1. KellyK*

            Ooh, good point. I find it hilarious because I’m in on the joke, but it could come across really wrong to someone who’s not.

        1. Ash*

          Then they can either ask about it, take the time to figure it out on their own, or suck it up and not be a big huge baby over something so insignificant on the Internet?

          1. Ask a Manager* Post author

            No, I wouldn’t say that at all. We have many people who read the comments but don’t comment themselves, and many people won’t bother to inquire about something that vaguely rubs them the wrong way. It’s not being a baby.

            1. Jessa*

              I agree with you on this actually and I really hadn’t thought of it, being in on the whole Wakeen, Shuvon, thing, I didn’t find it…well I don’t know? Racist? Because we phonetic-ed all the names involved. And I think the idea was to come up with a “non-name” so that if we did have Joachin or Siobhan in the readership they wouldn’t think we meant them personally. But a generic person who is an employee of Chocolate Teapots LLC.

              We seriously need an org chart for Chocolate Teapots, Marzipan trays and Caramel Coffee Pots giggle.

          2. KellyK*

            Um…where are you getting any indication that it’s a problem only because someone might “be a big huge baby” over it. (Or, for that matter, that it’s a random reader’s job to follow the comments religiously enough to figure out the in jokes.)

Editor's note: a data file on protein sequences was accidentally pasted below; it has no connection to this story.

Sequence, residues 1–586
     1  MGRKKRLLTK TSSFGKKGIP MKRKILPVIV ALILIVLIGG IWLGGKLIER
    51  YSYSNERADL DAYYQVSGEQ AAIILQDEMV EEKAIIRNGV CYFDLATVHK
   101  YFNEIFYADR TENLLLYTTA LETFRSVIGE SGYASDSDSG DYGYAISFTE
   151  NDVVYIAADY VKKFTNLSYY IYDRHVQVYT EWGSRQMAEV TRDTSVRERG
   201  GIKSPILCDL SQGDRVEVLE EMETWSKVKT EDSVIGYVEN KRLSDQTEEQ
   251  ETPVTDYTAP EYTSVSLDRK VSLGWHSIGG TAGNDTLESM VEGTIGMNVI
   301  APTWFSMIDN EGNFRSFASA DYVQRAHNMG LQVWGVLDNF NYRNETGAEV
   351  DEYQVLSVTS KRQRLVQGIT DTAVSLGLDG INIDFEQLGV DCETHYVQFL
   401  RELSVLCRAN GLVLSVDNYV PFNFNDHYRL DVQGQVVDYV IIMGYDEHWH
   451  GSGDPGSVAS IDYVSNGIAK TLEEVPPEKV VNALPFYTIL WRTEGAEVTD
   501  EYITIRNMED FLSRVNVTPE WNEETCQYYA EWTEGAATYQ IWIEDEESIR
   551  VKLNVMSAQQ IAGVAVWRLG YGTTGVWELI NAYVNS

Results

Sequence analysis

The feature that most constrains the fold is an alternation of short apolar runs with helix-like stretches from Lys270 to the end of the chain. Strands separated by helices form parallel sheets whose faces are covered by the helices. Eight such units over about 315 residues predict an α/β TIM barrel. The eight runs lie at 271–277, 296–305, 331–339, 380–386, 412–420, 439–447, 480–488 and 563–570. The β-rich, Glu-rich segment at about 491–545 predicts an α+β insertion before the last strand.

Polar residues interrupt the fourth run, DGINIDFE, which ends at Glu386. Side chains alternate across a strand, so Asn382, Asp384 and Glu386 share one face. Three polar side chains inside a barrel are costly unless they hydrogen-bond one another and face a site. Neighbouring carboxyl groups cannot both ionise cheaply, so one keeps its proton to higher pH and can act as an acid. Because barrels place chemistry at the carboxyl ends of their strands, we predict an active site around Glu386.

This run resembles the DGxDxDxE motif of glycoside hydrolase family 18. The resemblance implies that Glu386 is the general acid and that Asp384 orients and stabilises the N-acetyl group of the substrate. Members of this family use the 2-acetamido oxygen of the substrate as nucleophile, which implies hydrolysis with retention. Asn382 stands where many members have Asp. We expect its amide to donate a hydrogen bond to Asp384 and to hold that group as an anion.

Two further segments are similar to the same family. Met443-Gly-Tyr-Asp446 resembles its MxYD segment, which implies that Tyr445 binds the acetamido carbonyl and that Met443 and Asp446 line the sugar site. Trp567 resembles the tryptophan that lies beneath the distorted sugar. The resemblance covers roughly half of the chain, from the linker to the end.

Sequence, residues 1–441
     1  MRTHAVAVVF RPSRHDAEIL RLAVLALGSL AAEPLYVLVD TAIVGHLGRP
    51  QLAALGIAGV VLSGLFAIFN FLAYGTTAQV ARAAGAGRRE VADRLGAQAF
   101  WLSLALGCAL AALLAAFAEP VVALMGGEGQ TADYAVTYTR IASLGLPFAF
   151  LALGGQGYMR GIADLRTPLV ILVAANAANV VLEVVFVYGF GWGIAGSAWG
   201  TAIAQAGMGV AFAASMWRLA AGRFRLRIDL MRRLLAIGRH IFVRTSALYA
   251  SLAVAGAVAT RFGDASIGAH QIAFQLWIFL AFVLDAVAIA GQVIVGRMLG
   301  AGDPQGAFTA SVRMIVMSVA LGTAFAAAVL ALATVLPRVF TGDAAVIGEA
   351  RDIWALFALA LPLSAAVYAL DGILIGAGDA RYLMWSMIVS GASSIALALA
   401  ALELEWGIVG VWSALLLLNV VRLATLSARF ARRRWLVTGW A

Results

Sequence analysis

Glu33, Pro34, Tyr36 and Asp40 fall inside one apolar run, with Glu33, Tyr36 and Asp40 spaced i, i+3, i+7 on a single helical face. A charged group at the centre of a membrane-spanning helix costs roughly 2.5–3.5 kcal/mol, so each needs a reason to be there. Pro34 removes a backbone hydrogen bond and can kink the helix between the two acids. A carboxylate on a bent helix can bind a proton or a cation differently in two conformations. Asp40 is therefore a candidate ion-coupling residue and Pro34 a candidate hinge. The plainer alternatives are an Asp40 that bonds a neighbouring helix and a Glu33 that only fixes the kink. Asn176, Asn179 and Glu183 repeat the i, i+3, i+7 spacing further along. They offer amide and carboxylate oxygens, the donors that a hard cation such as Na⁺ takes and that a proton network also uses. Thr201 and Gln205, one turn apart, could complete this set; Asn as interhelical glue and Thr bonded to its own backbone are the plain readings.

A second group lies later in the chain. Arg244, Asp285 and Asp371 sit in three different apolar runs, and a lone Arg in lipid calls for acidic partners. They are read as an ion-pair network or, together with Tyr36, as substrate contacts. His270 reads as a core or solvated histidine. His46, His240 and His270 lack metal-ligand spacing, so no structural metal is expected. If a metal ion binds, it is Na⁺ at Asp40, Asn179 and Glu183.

2. Elise*

          Wakeen is actually an accepted spelling of the name Joaquin. Names often get altered in different regions.

          Maria vs Mary
          John vs Juan
          Sara vs Sarah
          Rebecca vs Rebekah
          Christie vs Christy vs Crysti vs Kristi

          It makes our use of Wakeen as an imaginary character sort of silly, but should not be offensive to anyone who can use Google.

    1. Jamie*

      That explains why I wasn’t getting it. I’m afraid of boats.

      I love that the ads here take my phobias into account. :)

  8. LouG*

    Creepy x 100000. How long has this been going on? Has no one ever told him point blank to stop? He potentially has FOLDERS of photos of co-workes on his computer and other people are aware of this. Too weird for words.

  9. Mimi*